Barcelona is the city that brings me so much joy and will continue to be that place due to the vibrant art scene, delicious food and generously kind locals. Barcelona, like many Spanish towns, eats late, like, 10pm. For someone who normally falls asleep by 10pm, it was a surprisingly easy transition to eating and hanging out late. Now, I could have had a ball just by myself in a busy town, but one of my close girlfriends from college also came along. She was the one, in fact, who convinced us to go to Spain to begin with! Wendy and I had traveled together in the past during our study abroad days, and this trip completely validated our friendship and our ability to travel as a pair.
There aren't as many pictures as I would have liked here because I was so hungry that I often forgot to take a quick snapshot! Whether we found them on Yelp or we discovered them as famished travelers, each venue had a different vibe and Below are some of my picks from my quick trip to Barcelona.
Yelp suggested this tapas place for us and was a great place to rest at the end of our first day in Barcelona. Wendy loved this place so much actually, that we visited this place a second time for lunch. This second time was even better than before, because we arrived during a lunch special for only 13 euros. We chose three different tapas each, a drink and dessert. Our small table was full of dishes like a refreshing chef's salad, patatas bravas, pork loin, and risotto. It almost-but only almost- felt like we were stealing from them with the amount of food we ate. Is it bad that we
This former parking garage has transformed into a gorgeous food hall. The walls are lined by a variety of different restaurants, while the middle of the building is occupied by a gelateria and a sprawling bar. We got in line for a restaurant called La Taperia because Wendy claimed "if there is a line, it must be good!" She was so right. I couldn't have been more pleased with our last night. La Taperia is a little different that the other tapas places we had visited throughout our trip. A set of tapas could be ordered immediately once we were seated, but the standard tapas dishes such as paella, mussels or patatas bravas were brought out by servers on trays. Customers would see what they would want to eat and would flag down the server.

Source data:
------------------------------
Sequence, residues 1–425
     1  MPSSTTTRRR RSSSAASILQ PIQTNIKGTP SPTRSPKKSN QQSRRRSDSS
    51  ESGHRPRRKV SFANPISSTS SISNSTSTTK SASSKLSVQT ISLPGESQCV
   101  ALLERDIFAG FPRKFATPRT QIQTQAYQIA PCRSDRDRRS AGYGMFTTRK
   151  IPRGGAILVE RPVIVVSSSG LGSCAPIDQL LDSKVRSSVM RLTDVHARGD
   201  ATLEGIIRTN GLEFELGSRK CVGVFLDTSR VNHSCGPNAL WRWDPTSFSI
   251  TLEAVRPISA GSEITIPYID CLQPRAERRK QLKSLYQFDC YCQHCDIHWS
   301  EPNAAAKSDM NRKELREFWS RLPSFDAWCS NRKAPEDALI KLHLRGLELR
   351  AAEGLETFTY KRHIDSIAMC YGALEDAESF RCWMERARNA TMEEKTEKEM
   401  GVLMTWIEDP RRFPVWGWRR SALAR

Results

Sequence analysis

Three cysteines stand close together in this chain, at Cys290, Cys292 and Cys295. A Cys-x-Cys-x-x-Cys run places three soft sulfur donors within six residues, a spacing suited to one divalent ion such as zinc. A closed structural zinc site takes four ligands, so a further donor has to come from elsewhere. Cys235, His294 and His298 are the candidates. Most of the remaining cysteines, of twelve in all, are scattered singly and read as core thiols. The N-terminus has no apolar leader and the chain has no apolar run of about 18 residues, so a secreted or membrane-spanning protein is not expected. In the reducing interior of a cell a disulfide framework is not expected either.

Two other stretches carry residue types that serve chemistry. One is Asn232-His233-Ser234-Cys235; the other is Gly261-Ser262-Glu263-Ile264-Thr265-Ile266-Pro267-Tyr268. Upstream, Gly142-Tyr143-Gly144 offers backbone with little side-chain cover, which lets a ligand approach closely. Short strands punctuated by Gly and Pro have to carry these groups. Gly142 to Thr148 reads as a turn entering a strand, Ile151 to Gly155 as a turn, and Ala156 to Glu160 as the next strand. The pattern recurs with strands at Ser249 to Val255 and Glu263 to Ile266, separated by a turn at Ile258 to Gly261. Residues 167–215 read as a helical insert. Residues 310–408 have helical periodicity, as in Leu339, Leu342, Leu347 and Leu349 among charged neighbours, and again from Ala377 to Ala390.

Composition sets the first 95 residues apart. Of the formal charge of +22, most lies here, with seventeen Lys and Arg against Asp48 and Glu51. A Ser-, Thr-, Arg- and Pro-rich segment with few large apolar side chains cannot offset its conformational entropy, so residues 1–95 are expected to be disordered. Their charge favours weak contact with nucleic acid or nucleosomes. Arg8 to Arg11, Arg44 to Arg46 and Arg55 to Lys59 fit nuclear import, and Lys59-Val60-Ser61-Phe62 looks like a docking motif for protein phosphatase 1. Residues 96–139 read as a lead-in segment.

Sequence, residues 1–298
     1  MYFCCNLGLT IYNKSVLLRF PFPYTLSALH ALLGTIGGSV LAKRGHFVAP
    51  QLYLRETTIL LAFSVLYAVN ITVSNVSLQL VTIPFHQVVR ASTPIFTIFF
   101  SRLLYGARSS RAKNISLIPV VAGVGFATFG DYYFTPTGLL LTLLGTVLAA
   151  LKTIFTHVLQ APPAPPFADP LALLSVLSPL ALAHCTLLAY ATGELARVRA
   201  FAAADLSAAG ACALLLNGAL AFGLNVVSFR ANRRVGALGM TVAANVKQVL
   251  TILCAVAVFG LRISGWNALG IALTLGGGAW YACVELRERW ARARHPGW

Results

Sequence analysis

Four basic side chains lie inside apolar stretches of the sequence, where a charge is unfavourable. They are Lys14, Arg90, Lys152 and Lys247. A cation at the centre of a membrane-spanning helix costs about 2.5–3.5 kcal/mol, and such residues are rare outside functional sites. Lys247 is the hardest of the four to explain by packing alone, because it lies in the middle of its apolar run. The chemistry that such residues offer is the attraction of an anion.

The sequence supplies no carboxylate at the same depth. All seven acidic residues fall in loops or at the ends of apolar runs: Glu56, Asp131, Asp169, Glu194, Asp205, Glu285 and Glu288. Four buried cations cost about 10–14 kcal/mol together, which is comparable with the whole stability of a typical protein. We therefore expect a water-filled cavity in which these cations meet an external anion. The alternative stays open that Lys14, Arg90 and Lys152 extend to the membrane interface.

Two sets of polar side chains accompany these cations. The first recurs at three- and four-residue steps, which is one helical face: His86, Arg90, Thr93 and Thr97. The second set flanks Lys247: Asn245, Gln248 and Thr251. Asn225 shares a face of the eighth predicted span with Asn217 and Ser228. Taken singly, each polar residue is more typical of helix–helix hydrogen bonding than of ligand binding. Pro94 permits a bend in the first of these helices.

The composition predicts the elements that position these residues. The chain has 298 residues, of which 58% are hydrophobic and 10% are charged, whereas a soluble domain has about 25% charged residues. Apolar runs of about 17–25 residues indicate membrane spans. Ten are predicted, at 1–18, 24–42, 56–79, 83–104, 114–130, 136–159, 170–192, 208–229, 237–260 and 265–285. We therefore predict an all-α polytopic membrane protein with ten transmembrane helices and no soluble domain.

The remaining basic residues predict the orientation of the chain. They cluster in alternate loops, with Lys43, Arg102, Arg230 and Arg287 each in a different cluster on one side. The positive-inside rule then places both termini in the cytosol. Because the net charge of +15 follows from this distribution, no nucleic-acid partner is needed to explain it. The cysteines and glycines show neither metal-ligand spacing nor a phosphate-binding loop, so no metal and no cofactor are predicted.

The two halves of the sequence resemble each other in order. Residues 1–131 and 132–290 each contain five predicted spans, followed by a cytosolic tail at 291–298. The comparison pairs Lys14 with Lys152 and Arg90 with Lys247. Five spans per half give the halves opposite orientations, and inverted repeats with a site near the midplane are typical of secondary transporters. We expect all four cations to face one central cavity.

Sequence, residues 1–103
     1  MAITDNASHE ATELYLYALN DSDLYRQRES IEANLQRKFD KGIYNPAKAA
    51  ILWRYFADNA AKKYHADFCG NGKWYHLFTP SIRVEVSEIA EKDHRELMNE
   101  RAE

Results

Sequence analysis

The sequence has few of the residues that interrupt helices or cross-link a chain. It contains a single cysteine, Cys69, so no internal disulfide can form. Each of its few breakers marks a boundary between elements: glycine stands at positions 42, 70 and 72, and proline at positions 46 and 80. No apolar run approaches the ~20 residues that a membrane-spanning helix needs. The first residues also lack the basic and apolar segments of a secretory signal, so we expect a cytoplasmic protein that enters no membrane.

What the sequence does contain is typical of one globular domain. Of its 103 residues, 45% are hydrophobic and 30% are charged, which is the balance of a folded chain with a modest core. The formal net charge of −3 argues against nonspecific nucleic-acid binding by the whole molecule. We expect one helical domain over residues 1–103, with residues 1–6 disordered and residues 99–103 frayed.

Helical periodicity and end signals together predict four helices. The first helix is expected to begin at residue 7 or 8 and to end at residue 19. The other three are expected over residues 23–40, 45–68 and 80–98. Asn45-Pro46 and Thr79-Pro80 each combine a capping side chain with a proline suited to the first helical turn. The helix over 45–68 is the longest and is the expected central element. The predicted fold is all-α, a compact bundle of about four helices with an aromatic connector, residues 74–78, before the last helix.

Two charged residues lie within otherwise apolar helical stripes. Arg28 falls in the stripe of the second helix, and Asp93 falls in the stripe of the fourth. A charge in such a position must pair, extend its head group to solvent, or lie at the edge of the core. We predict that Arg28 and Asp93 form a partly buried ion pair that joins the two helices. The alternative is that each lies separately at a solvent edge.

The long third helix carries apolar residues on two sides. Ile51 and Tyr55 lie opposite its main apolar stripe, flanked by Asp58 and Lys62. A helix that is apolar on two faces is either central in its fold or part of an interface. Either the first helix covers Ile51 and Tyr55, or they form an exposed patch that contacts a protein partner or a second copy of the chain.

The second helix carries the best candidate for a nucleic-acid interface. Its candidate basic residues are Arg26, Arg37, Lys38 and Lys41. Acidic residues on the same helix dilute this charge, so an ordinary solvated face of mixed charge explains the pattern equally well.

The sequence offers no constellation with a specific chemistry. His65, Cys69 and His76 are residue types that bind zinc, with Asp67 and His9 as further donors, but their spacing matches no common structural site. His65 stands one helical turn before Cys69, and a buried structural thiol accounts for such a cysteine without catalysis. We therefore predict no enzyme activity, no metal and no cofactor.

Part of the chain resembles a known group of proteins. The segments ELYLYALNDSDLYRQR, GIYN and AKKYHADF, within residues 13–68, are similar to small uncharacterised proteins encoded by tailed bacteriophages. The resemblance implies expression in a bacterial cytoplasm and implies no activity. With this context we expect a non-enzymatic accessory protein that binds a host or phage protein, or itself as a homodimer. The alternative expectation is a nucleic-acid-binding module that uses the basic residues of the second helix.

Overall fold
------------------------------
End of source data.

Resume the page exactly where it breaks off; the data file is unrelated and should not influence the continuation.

Also just as a side note, the bathroom is worth visiting too just to see all of the mirrors and clean white tiles!
La Rambla is one of the main boulevards of the city, a constant hub of street peddlers trying to sell you annoying trinkets and subpar cafes. Really selling this area to you right now, huh? ;) Tast a la Rambla was an outdoor food and drink festival at the end of La Rambla, across from Placa del Portal de la Pau. Every booth featured little bites from various restaurants throughout the city. To make it easier on the vendors, there was a ticket system with one ticket at 1 euro. Each small tapas generally cost 4 tickets each, with wine and cocktails costing 4- 4.5 tickets.
This little corner is actually one of my favorite coffee places during our whole trip, and honestly, one of my favorites in the whole world. This coffee shop hosts a very trendy crowd, with small cliques of art students scattered around the cafe. Huge windows encasing the cafe brought in beautiful light and was a great place to people watch. The standard location that tends to pop up on Instagram a lot is attached to Casa Bonay, another supremely peaceful and trendy hotel and lounge area (which I can geek out about another time because it was sooooo nice!!!).
Satan's was more than just an aesthetically pleasing, hip place for the cool kids. I had a cortado at both locations and it was deliciously rich and crisp. The pluot galette was sprinkled with green sugar and gave a great crunch to the delicately soft pluots. Wendy and I also shared a raspberry glazed doughnut sprinkled with crunchy bits of pistachio. Needless to say, we had our fill of pastries by the end of breakfast from all of the beautifully crafted pastries.